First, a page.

Delegates lead charge to clean up cemetery
By Noel Lyn Smith
FORT DEFIANCE, Ariz., January 31, 2013
(Special to the Times – Donovan Quintero)
A s fog settled over the veterans' cemetery here, Larry Anderson walked along the cemetery's barbed wire fence in search of debris.
The fog reminded him of the seaside mist that covered the combat bases near the demilitarized zone in Vietnam, where Anderson was stationed as a U.S. Marine.
Anderson was part of an effort Jan. 25 by members of the Navajo Nation Council and the Office of the President and Vice President to clean the cemetery.
Having served from 1966 to 1970 and served in Vietnam in 1968, Anderson said his participation was a way to honor his fallen comrades.
"Freedom is not easy to have and that's why they lay there in peace today," Anderson said adding that his wife Victoria Masaquetewa and their son Elridge Anderson were also helping with the cleanup.
Earlier in the morning, school buses passed and some members of the group paused to wave.
Anderson hopes the students who saw the group were inspired to help the community after seeing the cleanup effort.
"We want to show them that we respect our cemetery, we respect our veterans and we respect our land," he said.
Being part of that community spirit was one reason Bessie Yellowhair Simpson was here.
"It's a good feeling to know that I am a part of this cleanup and for all our veterans just showing respect," she said.
Community service projects like this do not have to be organized by tribal leaders, she said, then added that this could be seen as an example of what can be accomplished by a community.
Simpson, who is an executive staff assistant for the Office of the President and Vice President, placed United States flags on graves that did not have one and replaced those that were tattered.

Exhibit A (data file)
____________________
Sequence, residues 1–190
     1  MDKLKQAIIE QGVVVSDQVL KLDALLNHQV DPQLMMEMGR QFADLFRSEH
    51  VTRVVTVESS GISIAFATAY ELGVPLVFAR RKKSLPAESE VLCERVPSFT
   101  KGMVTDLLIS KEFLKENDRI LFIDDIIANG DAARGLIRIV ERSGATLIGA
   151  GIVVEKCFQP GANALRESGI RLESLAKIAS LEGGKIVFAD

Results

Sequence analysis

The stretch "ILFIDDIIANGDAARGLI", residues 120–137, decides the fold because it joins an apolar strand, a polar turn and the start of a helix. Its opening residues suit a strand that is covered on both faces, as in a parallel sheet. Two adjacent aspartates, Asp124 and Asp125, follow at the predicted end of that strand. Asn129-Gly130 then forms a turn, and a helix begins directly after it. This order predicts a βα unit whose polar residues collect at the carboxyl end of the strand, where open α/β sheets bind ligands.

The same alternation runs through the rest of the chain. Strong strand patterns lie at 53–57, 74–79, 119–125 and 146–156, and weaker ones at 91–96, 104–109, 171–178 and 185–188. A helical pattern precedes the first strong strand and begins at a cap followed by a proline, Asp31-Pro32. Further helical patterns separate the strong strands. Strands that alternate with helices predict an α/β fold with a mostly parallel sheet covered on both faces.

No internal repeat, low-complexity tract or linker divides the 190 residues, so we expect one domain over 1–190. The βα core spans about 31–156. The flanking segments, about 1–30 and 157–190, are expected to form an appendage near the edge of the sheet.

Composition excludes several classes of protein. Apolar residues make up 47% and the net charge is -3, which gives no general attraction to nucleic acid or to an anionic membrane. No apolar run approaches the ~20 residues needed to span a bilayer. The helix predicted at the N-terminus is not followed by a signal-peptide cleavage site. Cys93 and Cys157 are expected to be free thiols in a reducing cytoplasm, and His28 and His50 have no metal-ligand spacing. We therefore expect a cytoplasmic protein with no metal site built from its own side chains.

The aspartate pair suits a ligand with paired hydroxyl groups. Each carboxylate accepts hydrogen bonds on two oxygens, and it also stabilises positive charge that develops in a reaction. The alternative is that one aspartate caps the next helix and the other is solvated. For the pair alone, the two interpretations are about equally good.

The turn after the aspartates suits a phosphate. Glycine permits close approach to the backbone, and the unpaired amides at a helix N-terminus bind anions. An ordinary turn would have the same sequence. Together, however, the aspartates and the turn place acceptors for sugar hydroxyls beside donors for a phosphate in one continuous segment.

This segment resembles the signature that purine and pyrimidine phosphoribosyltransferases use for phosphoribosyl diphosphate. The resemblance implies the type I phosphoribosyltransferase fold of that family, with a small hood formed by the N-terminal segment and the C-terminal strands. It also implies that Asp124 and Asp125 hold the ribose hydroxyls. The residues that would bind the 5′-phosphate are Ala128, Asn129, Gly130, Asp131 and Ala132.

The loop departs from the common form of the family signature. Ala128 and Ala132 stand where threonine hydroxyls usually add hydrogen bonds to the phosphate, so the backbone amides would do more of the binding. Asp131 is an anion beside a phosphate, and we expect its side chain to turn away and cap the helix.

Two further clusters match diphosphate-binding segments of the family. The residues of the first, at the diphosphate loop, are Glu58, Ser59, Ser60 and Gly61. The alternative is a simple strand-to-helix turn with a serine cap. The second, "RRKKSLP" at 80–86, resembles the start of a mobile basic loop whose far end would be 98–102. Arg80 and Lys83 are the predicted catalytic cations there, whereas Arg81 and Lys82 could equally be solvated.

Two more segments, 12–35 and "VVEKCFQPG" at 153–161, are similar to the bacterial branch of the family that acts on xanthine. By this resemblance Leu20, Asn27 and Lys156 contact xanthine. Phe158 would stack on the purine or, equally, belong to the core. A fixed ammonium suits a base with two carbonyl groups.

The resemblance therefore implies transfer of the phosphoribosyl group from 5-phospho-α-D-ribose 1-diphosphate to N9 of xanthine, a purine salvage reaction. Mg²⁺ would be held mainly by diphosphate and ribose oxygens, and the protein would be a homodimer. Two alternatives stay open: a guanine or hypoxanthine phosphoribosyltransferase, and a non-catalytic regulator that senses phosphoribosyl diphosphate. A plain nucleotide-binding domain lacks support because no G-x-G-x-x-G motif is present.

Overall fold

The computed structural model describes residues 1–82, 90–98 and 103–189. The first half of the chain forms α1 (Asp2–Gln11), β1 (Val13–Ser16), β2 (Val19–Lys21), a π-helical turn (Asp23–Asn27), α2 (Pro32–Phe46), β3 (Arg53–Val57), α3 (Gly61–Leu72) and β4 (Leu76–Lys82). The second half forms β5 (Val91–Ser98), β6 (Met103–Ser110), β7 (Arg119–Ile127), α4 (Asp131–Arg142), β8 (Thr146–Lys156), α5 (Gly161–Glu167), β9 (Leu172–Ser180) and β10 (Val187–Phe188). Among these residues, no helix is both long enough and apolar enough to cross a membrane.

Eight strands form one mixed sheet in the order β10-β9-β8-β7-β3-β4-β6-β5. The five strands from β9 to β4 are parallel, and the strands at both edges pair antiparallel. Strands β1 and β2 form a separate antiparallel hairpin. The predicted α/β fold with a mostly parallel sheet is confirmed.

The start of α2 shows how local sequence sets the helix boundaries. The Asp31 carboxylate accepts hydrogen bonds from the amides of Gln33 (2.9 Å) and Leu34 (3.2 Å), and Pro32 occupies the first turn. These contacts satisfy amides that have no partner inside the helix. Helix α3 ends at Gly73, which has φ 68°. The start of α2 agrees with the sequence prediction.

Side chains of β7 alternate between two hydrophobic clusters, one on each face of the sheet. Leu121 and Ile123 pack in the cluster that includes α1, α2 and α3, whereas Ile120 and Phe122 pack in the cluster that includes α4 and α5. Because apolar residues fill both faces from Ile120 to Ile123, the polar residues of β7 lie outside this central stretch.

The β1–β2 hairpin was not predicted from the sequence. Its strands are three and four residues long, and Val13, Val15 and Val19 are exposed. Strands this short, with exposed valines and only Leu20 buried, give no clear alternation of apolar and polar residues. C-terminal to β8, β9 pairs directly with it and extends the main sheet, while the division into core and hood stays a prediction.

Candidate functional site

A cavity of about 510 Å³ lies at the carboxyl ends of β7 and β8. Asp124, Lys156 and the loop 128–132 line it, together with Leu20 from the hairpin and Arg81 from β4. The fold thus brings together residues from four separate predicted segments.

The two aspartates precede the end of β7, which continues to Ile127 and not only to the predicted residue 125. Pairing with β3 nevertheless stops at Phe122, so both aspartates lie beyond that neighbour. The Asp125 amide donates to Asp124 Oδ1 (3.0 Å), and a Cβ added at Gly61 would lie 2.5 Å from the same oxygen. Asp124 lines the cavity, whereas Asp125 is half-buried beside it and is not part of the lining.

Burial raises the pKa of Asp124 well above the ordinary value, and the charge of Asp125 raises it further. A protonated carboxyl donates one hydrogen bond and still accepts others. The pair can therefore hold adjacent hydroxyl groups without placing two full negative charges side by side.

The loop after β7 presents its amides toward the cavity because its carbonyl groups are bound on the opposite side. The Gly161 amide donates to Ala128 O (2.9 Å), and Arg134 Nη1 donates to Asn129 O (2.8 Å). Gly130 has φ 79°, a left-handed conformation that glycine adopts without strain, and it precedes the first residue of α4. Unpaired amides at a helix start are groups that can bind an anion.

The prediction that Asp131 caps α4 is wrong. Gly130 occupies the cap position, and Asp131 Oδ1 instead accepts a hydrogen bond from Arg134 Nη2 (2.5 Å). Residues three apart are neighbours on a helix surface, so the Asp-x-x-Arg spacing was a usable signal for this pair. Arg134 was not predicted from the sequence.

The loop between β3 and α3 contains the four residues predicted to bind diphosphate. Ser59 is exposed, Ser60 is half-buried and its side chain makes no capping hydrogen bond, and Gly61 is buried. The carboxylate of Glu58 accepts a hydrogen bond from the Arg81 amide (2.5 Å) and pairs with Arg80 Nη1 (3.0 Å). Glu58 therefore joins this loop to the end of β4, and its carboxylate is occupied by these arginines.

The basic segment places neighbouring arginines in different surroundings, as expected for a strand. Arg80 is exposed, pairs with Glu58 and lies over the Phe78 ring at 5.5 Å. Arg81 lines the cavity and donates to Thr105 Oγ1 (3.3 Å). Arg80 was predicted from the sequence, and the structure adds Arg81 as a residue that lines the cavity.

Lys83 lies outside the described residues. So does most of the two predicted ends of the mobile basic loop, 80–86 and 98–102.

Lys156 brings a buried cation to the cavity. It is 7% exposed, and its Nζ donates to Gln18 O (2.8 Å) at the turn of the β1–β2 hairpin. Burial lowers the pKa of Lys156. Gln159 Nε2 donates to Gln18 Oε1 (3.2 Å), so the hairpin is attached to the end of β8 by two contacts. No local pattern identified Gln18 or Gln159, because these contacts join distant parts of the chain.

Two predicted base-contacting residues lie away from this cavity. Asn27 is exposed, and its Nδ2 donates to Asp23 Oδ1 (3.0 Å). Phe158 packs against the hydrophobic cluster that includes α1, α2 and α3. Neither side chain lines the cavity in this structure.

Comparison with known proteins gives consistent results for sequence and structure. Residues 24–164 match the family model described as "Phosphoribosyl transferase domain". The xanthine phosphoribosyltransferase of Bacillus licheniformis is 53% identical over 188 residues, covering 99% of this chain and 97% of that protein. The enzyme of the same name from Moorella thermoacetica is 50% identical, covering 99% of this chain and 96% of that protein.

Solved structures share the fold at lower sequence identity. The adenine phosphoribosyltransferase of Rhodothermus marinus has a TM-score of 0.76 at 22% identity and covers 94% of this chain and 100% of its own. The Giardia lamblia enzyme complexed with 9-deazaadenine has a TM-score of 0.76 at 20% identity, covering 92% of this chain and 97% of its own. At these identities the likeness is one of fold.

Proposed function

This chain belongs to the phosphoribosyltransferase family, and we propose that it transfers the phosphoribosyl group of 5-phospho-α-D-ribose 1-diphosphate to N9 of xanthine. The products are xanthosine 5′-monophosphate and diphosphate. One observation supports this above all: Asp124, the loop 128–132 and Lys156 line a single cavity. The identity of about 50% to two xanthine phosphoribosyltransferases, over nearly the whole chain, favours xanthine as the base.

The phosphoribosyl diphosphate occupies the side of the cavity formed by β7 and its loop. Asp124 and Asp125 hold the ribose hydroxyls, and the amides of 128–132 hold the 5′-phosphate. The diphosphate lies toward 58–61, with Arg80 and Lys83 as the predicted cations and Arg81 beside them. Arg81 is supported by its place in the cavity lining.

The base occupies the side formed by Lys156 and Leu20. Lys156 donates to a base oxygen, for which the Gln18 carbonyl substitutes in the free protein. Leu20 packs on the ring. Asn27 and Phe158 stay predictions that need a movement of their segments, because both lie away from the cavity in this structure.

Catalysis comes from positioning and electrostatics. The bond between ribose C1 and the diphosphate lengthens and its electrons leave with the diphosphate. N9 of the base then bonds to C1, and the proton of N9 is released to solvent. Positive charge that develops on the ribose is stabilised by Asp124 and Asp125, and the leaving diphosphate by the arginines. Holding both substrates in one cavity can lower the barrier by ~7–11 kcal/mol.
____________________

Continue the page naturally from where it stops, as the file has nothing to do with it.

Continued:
The president's office purchased the flags, along with one to fly on the flagpole near the cemetery entrance.
Simpson's uncle, Frank Keahne, is buried here. He died in 1944 during World War II.
As she walked to her uncle's burial site, she explained that he died before she was born and through the years she has visited his final resting place.
"Every time you go by, you automatically look this way," she said. "It's peaceful."
The cleanup effort was brought on by Council delegates Edmund Yazzie (Church Rock/Iyanbito/Mariano Lake/Pinedale/Smith Lake/Thoreau) and Leonard Tsosie (Baca-Prewitt/Casamero Lake/Counselor/Littlewater/Ojo Encino/Pueblo Pintado/Torreon/Whitehorse Lake).
During a discussion at the Naa'bik'iyati' Committee meeting on Jan. 24 about placing a statue at the Veterans Memorial Park in Window Rock, Yazzie and Tsosie issued a challenge to fellow delegates to clean the cemetery.
"It is an honor to do this," Tsosie said, adding the duo would continue to keep the cemetery in the spotlight, including requesting assistance from the state for fencing, having the cemetery federally recognized, and since the cemetery is near capacity, withdrawing additional land.
For Yazzie, the challenge was a way for delegates to use action instead of words when addressing the issue.
"Instead of driving by and talking about the cemetery being dirty with trash...why don't we clean it up and stand behind what we talk about?" he said. "Talk is cheap."
Yazzie is not a veteran but he understands the challenges veterans face, which he heard about through the stories shared by his late father-in-law Navajo Code Talker Joe A. Silversmith.
"To me, a small part of sadness came out, because from what I saw there it was neglected and, of course, showing my respect," Yazzie said about visiting the cemetery.
Yazzie and Tsosie were joined by Speaker Johnny Naize (Blue Gap-Tachee/Cottonwood-Tselani/Low Mountain/Nazlini), Delegate LoRenzo Bates (Nenahnezad/Newcomb/San Juan/T'iistoh Sikaad/Tsé Daa K'aan/Upper Fruitland), legislative staff members Darrell Tso and Jarvis Williams, and local resident Ed Becenti.
Near the front of the cemetery, Becenti was busy gathering artificial flowers that had been discarded in sagebrush.
Becenti said his participation was one way he could give back to the veterans.
Debris collected included artificial flowers that were either discarded or blown by the wind, Styrofoam from floral arrangements, empty bottles, and paper. The clean up generated about 15 trash bags.